You want to buy the perfect keyword domain name for your website but you realize even the most obscure ccTLDs for that exact term have been registered. So you look around for other opportunities that will allow you have the exact keyword without buying one in the aftermarket. And then you stumble upon the perfect solution – domain.xx.com (fake example) – now that seems perfect!
But wait! That is not a domain name you’re buying, it’s a sub-domain! What??! Yeah, it’s a sub domain, not a fully qualified domain. It’s like buying domain.mwzd.com – only the root domain (mwzd in this example) is usually a two letter domain in a gTLD or ccTLD. So essentially you’re paying registration / renewal on a domain which is really a sub-domain – kind of like paying for use of domain.blogger.com without the relevance!
This of course doesn’t apply to ccTLDs where third level registrations are allowed by the registry either exclusively or in conjunction with second level registrations – for example .co.uk, .com.au, .co.jp, .co.in, .net.in, etc The easiest way to tell whether what you’re buying is a domain or a sub-domain, check if the ‘extension’ is officially delegated by IANA or allowed by the relevant registry.
Big deal, what’s the difference? After all Google says it’s all about the content in any case. Partially true, but this is where it gets complicated, while good content will help you get ranked, hosting this content on a sub-domain will actually only benefit the root domain, not your specific sub-domain url.
So you might build the world’s greatest website about domains on domain.xx.com but the benefits will accrue to xx.com, not to your ‘domain’. It is also a lot tougher to get a sub-domain to rank. So do yourself a favor, make sure you’re buying a real domain and not being taken for a ride. Ask an expert if you’re unsure, after all, you don’t do a root canal on yourself! Do you own any sub-domains? Please share your experience via a comment!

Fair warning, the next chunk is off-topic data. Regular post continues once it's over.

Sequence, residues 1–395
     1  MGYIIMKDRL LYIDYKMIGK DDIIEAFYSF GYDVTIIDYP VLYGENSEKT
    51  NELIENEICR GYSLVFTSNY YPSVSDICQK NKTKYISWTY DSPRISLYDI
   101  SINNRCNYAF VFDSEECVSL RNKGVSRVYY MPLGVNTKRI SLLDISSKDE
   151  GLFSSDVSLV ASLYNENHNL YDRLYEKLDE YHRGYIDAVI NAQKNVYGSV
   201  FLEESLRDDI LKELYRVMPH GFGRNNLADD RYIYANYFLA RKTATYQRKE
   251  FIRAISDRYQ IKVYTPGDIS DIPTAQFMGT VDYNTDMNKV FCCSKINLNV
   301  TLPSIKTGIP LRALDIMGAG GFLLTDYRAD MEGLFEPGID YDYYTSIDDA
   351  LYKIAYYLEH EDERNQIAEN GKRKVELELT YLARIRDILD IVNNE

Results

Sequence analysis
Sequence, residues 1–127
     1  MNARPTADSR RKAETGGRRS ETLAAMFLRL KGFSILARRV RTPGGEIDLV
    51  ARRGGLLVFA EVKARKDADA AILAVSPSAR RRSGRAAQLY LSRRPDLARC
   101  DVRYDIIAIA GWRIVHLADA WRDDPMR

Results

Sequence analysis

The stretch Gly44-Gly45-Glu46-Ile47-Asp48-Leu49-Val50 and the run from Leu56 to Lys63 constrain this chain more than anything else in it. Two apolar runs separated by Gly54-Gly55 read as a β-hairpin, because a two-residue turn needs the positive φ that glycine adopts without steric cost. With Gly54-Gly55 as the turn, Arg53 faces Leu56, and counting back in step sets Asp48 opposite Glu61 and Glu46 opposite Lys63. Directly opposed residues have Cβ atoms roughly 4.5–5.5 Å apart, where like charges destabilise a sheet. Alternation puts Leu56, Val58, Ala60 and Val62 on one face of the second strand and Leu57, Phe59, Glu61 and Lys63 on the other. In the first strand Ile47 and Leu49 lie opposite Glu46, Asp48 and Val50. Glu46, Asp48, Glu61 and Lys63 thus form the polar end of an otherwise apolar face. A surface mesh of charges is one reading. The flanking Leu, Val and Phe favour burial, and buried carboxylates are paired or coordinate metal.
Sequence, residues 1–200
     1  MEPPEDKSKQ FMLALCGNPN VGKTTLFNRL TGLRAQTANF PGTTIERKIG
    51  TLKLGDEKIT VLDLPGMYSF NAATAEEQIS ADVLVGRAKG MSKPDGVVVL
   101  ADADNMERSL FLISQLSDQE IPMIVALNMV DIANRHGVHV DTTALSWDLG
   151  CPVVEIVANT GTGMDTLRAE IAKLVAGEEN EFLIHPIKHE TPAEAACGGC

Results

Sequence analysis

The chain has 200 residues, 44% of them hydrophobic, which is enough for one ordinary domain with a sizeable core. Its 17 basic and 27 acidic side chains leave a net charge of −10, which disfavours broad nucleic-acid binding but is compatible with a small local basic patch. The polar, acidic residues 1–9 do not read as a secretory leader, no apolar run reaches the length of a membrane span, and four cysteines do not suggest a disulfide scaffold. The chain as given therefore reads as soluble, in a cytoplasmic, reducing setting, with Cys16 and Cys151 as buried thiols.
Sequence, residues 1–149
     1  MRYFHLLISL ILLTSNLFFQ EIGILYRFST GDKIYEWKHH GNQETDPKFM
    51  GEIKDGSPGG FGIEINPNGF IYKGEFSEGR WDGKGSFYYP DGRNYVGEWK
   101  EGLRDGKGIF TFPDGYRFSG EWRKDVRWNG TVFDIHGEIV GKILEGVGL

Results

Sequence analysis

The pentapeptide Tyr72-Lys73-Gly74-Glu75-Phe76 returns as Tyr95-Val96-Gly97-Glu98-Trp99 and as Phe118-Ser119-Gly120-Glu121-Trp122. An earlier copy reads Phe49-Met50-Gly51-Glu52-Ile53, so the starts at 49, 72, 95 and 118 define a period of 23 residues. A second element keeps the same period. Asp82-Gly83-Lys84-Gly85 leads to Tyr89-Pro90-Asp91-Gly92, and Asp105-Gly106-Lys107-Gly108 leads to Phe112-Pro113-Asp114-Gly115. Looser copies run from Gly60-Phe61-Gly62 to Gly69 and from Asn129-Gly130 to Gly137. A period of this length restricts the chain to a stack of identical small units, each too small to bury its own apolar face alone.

What I want in my mobile phone:
1. Perfect network coverage – It should work everywhere, from the basement to the highest tower. From the most remote place with cell coverage to places that don’t have any via satellite.
2. Clarity – It needs to be crystal clear, meaning the person on the other end should sound as if they’re standing in the same room as you.
Even though that is no guarantee that you understand them, at least you can make out the words.
3. Fast Charging – That 20 sec to charge your phone deal sounds good, when does it get on Kickstarter again?
4. Long battery life – 720 hrs standby should be normal, at the very least. 48 hours of talktime would help too.
5. Video – Well, it is 2013, don’t want to go back to the dark ages, so in case I do want to talk to someone face to face, it should have quality video.
6. Internet – Since we’re going to have video, you need a fast network, 4G? And of course, messaging is where it’s all at, so internet is relevant.
And that’s it.
Mobile technology is great, but the phones today are getting stupid.
They don’t handle calls very well, but they can do a million other things.
I don’t really need it to tell ambient temperature or pressure.
I don’t want it to measure or weight things for me.
I don’t want my phone to talk to me, or me to talk to it.
I don’t want to take photos with my phone.
Not even when a camera is ‘inconvenient’.
I don’t want to check my email on the phone.
I don’t want to play games on my phone, not even fps.